October 30, 2019

In Takoma Park, A Costume ‘Census’ Is A Halloween Tradition

By Laura Spitalniak

Kit Smallwood dressed as a rainbow with a leprechaun named Roy G. Biv.

Kit Smallwood dressed as a rainbow with a leprechaun named Roy G. Biv.

When Jill Feasley started counting the trick-or-treaters who knocked on her door, it was for purely logistical purposes.

“When I lived on Capitol Hill, I didn’t know how many kids to expect,” she said. “I wanted to keep track of how much candy I should buy the next year.”

After a few years, Feasley realized there was an opportunity for something more.

“I fully cop to being a D.C. wonk,” said the former director of Meals on Wheels of Takoma Park. Feasley thought the data could be interesting, both as a way of tracking culture trends and as a compilation to share with her community. She began writing down the costume of every trick-or-treater who arrived at her door.

Fealsey has since moved from Capitol Hill to the Penhood neighborhood in Takoma Park and now shares her annual Halloween costume census via the neighborhood listserv.

“Coming to my house is as much a tradition as the trick-or-treating,” she said proudly.

Feasley says most of the costumed ghosts and goblins (or rather ninjas and cats in recent years) are between the ages of four and 12, with a handful of creative teenagers and adults thrown in.

“I ask every single kid to tell me about their costume,” Feasley said. “They put a lot of thought into their costumes and assuming takes away from that.”

This dedication to the details has led to entries in the costume census like the truly epic 2018 “Mermicorn (a mermaid/unicorn combo)” in 2018 and the inspired 2014 data point for “Zombie Rosie the Riveter (Yes We Can Eat Brainz!).”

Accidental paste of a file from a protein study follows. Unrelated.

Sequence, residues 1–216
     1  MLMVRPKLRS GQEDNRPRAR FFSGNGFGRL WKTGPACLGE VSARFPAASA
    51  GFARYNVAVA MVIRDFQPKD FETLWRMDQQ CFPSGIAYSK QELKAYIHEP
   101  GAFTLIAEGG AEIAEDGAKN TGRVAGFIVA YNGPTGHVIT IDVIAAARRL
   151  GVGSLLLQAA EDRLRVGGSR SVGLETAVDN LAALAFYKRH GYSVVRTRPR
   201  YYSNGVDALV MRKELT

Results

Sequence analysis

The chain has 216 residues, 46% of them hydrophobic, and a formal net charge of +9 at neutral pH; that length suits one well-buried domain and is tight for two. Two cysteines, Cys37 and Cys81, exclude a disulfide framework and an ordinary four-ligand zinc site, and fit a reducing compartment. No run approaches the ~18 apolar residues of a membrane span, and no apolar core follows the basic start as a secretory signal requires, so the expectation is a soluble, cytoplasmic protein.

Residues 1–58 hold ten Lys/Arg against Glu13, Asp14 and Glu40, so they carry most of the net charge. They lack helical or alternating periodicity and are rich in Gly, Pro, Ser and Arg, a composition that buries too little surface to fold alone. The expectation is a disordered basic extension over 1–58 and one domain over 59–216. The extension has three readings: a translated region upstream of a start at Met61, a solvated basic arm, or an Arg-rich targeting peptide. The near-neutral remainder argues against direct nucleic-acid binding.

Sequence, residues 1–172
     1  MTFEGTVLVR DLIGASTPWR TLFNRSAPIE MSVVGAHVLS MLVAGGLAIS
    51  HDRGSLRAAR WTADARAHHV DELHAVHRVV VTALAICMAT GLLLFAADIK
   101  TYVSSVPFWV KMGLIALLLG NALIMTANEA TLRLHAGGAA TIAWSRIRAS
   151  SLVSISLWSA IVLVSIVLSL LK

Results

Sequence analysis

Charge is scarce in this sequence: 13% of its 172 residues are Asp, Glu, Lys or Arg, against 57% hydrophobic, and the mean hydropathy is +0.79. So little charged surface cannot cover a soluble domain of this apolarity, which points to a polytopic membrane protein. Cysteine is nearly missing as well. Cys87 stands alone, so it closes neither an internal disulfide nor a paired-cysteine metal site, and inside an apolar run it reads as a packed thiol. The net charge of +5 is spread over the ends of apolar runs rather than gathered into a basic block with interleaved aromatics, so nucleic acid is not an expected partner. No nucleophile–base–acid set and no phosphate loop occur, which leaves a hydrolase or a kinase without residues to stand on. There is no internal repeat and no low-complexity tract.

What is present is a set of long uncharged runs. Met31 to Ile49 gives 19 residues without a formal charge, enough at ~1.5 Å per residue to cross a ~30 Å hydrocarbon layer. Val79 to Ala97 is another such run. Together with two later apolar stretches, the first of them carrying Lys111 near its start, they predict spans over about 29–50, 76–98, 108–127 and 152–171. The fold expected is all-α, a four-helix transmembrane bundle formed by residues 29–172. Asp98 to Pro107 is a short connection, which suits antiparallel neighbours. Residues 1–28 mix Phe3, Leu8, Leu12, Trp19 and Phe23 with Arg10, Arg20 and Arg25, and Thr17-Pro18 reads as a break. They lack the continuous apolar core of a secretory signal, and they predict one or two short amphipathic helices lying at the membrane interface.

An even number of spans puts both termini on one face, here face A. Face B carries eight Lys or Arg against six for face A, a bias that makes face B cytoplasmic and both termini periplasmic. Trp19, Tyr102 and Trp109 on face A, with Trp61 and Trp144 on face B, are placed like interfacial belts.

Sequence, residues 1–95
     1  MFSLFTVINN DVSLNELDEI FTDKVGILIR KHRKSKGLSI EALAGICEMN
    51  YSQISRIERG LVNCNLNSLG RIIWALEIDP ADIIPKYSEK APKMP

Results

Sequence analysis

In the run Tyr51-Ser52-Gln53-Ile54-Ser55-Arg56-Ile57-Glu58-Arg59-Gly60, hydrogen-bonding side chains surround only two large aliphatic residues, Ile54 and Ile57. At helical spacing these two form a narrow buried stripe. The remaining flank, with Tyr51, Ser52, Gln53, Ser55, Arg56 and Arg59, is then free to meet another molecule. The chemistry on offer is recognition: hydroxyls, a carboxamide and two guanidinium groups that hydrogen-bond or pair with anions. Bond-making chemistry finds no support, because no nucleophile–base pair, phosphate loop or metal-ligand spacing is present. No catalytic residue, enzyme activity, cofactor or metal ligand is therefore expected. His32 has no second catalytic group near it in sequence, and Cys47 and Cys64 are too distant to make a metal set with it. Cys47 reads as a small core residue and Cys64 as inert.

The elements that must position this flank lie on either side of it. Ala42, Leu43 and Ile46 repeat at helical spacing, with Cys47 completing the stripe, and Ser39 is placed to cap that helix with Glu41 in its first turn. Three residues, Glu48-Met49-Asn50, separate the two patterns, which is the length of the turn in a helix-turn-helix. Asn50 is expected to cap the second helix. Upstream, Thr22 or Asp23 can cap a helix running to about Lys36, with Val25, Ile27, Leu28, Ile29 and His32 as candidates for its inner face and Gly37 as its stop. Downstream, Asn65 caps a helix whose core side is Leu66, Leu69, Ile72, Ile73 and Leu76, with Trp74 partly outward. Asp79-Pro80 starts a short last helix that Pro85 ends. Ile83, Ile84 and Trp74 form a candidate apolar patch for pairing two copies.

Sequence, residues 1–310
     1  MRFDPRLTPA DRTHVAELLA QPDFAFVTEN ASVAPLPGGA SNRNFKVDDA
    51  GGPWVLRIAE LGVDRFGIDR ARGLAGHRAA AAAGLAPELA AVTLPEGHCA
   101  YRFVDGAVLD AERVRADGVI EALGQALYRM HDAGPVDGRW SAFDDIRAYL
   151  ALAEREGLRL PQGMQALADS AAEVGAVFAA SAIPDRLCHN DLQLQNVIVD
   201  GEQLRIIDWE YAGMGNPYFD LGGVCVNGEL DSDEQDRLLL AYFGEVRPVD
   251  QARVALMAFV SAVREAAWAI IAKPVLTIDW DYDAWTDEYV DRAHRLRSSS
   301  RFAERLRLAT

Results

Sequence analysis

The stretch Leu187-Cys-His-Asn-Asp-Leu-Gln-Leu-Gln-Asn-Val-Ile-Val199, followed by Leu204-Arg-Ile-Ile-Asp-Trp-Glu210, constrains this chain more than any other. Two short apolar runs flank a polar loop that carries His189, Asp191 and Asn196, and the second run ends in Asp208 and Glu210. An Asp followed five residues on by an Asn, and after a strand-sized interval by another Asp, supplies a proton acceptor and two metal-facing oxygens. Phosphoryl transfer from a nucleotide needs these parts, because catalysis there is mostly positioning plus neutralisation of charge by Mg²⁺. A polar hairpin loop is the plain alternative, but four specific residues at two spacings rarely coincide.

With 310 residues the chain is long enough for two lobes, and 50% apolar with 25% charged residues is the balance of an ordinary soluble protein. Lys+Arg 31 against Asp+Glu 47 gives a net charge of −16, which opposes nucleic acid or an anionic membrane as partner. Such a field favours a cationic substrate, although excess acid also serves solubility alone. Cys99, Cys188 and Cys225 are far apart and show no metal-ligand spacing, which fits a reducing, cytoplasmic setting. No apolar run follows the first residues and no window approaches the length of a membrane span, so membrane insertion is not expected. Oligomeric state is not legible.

Feasley’s editorial comments add to the joy of reading the list. On a Deatheater costume, she commented “quickly dispatched when I summoned my Patronus.” In 2009, when only one child dressed as an athlete, Feasley theorized “Could it be our local sports teams are scary enough all on their own?”

Feasley has classified Mary Poppins as a princess (“Not really a princess but she has a regal bearing”) and put the “Notorious RBG,” a hip-hop persona of Supreme Court Justice Ruth Bader Ginsberg, in the same group as Wonder Woman and Batman (“a superhero to so many”).

While Feasley is the first to admit her methodology is far from scientific, her tally has allowed her to track which costumes have gained or lost popularity. Classics, such as ninjas and cats, fluctuate but typically fare well from year to year.

“Witches and vampires and zombies have stayed pretty consistent,” she said. “They’re always the biggest ones. Unicorns are trending now.”


 

 

Feasley’s favorite?

“It was later at night and it was an older teenager, in a basic hoodie and jeans,” Feasley recalled. ‘When I asked him about his costume, he lit up and pulled a little toy plane out of his pocket. He was an aircraft carrier.”

Other favorites:

    • “A Rainbow (complete with a pot of gold and a leprechaun named Roy G. Biv)” in 2017
    • “William the Conqueror (‘After being King of the English for a few years, I stopped speaking French’)” in 2015
    • “IRS Candy Patrol (‘Have you paid your candy taxes this year?’)” in 2010
    • “One kid was H1 and the other was N1; together they were swine flu” in 2009

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